Politically Speaking: Breaking down two high-stakes statewide contests on Missouri’s primary ballot | St. Louis Public Radio

Politically Speaking: Breaking down two high-stakes statewide contests on Missouri’s primary ballot

Jul 13, 2018

This week’s election edition of Politically Speaking looks into the referendum over Missouri’s right-to-work law — and the GOP primary for state auditor.

Besides the U.S. Senate contest, the right-to-work fight and GOP auditor race will be on every Missouri primary ballot on Aug. 7. And both matters could have long-term ramifications for the state’s politics.

Right to work bars unions and employers from requiring workers to pay dues as a condition of employment. Lawmakers quickly passed that measure after then-Gov. Eric Greitens was sworn into office. But unions were able to gather more than enough signatures to place the policy up for a vote.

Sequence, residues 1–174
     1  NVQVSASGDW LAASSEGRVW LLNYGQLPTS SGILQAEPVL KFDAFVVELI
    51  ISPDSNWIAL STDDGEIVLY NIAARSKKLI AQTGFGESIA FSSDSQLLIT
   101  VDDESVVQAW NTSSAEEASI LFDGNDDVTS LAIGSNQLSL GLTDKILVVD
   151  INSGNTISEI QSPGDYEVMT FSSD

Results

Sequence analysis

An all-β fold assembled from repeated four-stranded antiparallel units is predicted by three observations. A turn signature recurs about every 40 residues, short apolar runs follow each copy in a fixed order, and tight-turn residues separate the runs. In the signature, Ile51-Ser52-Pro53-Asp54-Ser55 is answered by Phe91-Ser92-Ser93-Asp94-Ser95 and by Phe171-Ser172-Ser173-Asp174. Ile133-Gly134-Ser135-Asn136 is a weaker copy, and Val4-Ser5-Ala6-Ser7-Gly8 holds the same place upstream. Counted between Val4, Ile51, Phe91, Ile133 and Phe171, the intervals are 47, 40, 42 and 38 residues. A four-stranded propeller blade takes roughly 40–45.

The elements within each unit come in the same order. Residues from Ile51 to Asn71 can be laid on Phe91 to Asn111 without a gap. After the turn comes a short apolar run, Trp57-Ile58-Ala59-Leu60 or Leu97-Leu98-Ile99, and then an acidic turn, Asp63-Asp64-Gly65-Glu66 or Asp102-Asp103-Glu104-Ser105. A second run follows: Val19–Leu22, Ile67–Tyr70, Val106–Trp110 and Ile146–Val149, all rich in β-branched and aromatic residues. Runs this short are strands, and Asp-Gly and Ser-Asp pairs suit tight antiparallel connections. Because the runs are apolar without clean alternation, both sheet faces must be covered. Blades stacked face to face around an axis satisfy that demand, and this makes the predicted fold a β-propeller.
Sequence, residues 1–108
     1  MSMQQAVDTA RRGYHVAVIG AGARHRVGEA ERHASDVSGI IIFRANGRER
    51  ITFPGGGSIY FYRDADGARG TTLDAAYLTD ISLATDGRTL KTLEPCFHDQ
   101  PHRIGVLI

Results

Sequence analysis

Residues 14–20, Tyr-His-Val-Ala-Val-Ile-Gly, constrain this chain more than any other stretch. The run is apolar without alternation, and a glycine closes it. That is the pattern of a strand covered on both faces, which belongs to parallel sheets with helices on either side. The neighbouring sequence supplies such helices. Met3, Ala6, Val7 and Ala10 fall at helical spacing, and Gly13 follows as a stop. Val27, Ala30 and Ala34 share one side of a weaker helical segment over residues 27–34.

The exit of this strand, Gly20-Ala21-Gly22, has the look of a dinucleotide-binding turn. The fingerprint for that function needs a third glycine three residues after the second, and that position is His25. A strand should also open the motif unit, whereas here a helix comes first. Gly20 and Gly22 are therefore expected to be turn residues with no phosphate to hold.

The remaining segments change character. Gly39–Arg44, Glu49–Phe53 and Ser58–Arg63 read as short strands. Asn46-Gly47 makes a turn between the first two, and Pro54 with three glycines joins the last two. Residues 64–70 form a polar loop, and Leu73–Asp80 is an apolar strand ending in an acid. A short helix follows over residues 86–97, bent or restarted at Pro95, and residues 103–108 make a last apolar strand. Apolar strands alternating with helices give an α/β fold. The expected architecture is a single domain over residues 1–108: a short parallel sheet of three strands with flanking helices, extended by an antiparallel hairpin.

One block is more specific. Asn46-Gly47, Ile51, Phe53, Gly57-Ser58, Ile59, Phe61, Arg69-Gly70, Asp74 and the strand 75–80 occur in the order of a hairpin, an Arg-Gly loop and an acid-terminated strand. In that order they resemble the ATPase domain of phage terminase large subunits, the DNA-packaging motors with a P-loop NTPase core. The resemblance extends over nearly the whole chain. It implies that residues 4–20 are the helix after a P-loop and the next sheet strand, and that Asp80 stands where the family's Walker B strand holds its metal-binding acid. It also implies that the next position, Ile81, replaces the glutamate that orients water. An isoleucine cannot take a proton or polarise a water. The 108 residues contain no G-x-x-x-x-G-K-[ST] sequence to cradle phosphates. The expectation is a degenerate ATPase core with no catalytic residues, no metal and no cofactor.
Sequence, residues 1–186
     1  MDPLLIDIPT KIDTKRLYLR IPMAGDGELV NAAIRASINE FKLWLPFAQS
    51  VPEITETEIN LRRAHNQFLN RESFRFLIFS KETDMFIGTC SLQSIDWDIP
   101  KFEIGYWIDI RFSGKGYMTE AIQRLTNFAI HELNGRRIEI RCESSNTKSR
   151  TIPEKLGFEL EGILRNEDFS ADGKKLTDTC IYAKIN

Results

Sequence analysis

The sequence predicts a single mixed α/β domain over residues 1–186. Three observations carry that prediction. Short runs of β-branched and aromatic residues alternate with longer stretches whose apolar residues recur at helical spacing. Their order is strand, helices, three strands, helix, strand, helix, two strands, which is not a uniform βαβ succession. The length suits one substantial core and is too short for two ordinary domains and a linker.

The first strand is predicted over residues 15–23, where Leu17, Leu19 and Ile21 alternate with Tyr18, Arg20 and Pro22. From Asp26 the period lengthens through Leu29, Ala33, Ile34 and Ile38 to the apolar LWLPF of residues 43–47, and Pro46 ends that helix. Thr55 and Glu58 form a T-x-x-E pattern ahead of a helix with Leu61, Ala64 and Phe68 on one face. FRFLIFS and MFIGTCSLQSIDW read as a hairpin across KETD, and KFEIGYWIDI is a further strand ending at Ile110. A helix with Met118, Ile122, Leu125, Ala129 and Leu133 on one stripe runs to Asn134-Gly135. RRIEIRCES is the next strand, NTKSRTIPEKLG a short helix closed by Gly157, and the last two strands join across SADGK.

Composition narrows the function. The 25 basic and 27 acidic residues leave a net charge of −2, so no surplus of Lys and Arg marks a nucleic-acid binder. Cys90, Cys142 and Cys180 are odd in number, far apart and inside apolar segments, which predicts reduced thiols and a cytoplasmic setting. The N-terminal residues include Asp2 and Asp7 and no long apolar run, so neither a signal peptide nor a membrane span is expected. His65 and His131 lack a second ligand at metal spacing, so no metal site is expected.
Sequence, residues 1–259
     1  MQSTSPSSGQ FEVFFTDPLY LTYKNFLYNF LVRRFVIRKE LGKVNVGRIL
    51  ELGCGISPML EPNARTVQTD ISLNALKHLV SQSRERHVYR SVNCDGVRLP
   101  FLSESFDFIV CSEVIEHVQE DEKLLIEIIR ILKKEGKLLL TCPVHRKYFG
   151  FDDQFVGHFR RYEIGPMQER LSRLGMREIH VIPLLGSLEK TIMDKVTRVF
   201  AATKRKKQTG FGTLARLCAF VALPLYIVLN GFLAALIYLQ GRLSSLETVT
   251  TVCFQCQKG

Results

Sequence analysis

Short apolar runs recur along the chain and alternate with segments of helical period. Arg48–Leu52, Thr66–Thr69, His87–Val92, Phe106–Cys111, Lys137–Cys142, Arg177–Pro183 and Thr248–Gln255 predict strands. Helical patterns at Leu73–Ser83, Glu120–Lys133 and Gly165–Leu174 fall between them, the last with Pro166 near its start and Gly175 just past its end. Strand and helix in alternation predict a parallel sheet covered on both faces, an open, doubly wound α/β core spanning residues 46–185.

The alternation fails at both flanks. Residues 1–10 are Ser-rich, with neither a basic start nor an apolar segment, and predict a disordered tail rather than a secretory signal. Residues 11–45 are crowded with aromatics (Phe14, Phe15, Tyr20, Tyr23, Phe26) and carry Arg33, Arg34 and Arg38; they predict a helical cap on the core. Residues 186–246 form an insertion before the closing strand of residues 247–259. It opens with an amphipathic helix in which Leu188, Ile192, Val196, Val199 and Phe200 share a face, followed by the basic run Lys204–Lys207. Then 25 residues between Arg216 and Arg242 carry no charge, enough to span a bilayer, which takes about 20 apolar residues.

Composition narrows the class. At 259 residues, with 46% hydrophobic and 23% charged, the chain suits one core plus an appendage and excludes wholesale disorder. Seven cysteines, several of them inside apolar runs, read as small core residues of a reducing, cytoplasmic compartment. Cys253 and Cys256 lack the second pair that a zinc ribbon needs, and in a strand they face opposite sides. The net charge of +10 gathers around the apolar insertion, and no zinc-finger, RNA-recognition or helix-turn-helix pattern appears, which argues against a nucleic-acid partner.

Since the beginning of January, a group seeking to repeal right to work has taken in more than $10.7 million in donations of $5,000 or more. Most of that money has come from Missouri-based or national labor unions. That’s far more money that any pro-right-to-work campaign committee has raised thus far.

Meanwhile, four Republicans are running for the chance to face state Auditor Nicole Galloway in November. Galloway, a Democrat, was appointed to serve most of Tom Schweich’s unexpired term. She’s considered a possible gubernatorial contender in 2020, but most of the state’s political observers believe she needs to win a full term to be a viable contender.

Of the four candidates, attorney David Wasinger and state Rep. Paul Curtman, R-Union, have raised the most money thus far. Also in contention are Jefferson City attorney Saundra McDowell and St. Louis County native Kevin Roach.

Follow Jason Rosenbaum on Twitter: @jrosenbaum

Follow Jo Mannies on Twitter: @jmannies

Music: “People are People” by Depeche Mode